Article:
Jay Leno, Julia Louis-Dreyfus Inducted Into TV Academy Hall of Fame at Star-Studded Gala (Video)
Studio heads, network chiefs and A-list talent converged on the Regent Beverly Wilshire hotel Tuesday night to celebrate the 23rd class of the Academy of Television Arts and Sciences Hall of Fame.
In a packed ballroom accented by some of the medium’s most powerful leaders, including NBC Entertainment president Bob Greenblatt, 20th Century Fox Television chairs Gary Newman and Dana Walden, and FX Networks president John Landgraf, an often emotional ceremony celebrated the career achievements of actress Julia Louis-Dreyfus, former Tonight Show host Jay Leno, audio engineer Ray Dolby (posthumously), 21st Century Fox chairman and CEO Rupert Murdoch, former ABC network executive Brandon Stoddard and writer-producer David E. Kelley.
Emmy-winning host of ABC’s Dancing With the Stars Tom Bergeron kicked off the night's activities by riffing on reports about his recently dropped co-host Brooke Burke-Charvet. “I’m a little worried about my job now. Backstage Jay Leno asked me, ‘Are you sure it’s pronounced paso doble?’ ”
Sons of Anarchy’s Katey Sagal, who attended with her Sons-showrunner husband Kurt Sutter, offered up the evening’s first honor for Murdoch, a man the FX star and alum of Fox’s Married With Children called “my boss for 25 years.” The Aussie mogul said he’d eschewed cake and candles on this, his 83rd birthday, in favor of a simple family celebration (his sons Lachlan and James were on hand to fete their father) and said he wished everyone could experience a life “as fulfilled as his has been this far.”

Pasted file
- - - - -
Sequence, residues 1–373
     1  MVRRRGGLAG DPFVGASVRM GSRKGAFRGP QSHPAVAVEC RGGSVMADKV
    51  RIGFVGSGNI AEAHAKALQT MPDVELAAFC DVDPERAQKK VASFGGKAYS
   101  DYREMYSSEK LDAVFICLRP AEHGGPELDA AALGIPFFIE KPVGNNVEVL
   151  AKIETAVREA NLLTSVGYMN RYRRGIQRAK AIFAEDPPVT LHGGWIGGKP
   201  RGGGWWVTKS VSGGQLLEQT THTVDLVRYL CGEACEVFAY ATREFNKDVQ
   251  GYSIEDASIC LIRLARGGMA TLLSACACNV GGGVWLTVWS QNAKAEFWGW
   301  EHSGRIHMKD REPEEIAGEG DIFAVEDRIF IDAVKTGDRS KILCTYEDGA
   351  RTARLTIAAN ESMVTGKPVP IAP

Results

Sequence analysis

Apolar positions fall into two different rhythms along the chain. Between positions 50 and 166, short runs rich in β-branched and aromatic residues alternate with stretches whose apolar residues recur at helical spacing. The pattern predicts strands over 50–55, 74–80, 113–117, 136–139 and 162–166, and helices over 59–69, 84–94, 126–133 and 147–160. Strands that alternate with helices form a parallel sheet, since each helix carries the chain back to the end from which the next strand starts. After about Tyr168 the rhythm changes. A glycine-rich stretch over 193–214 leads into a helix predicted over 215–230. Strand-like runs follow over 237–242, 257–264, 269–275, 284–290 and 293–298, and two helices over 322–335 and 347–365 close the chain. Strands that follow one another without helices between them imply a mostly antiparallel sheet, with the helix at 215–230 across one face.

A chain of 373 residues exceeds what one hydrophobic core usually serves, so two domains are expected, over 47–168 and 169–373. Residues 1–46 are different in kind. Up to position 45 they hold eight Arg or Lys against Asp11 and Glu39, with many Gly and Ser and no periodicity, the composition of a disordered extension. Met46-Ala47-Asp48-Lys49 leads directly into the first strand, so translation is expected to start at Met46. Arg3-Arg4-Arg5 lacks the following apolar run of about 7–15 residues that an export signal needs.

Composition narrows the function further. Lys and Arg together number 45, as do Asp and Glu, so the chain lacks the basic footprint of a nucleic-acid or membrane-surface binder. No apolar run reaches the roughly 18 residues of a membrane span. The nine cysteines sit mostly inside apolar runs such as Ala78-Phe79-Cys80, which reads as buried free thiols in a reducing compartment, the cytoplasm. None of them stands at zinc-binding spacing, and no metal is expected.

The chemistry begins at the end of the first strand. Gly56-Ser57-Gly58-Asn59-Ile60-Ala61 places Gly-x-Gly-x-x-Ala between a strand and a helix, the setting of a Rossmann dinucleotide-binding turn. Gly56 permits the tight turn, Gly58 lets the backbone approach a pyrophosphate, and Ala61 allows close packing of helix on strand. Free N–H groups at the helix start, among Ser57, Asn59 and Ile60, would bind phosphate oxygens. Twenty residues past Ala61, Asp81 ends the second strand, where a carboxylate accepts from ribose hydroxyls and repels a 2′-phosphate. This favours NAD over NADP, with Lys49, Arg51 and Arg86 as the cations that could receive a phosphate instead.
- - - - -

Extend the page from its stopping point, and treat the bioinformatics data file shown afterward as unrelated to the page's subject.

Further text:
He also quipped, “I still deserve an Emmy for that Simpsons performance!” referencing a clip shown earlier in the evening from a 1999 episode of the animated series in which Murdoch played himself.
The rest of the evening offered up equal parts nostalgia and sentiment. Prolific drama and comedy creator Kelley, flanked by his wife, actress Michelle Pfeiffer, gave shout-outs to his longtime collaborator Bill D’Elia and agent Rick Rosen, and invoked the words of Robert Frost to describe his writing ethos: “ ‘No tears for the writer, no tears for the reader’ … if you don’t pour your heart into your work, the audience knows.”
Wall Street Journal film critic Joe Morgenstern honored former ABC exec Stoddard, whose groundbreaking moves to air controversial original miniseries and films like Roots and The Day After revolutionized primetime programming in the ’70s and ’80s. Stoddard recalled receiving personal death threats and advertisers dropping out due to his “high risks” in selecting event programs. “At one point, Orville Redenbacher was our only advertiser,” admitted Stoddard, but he said his ethos never waivered. “TV should enlighten … the audience is as smart as you are.”
Personally selected as a presenter by Louis-Dreyfus, Amy Poehler offered an expected ace introduction to Louis-Dreyfus’ venerable comedy career (she is the only actress to win Emmys for three different comedy series). Louis-Dreyfus then delivered a rousing speech that recalled an important piece of knowledge gleaned in high school. “My high school physics teacher always said: ‘Have fun at all costs.’
Leno’s moment closed out the evening, but not before Bill Maher -- an old friend from their stand-up comedy days -- jabbed the audience for its lagging energy. “Wow … an industry crowd.”
Leno, who departed his decades-long perch at The Tonight Show on Feb. 6, was loose and seemed at home back in stand-up mode: “Ahhh, a Hall of Fame ceremony that doesn’t involve a drug test.’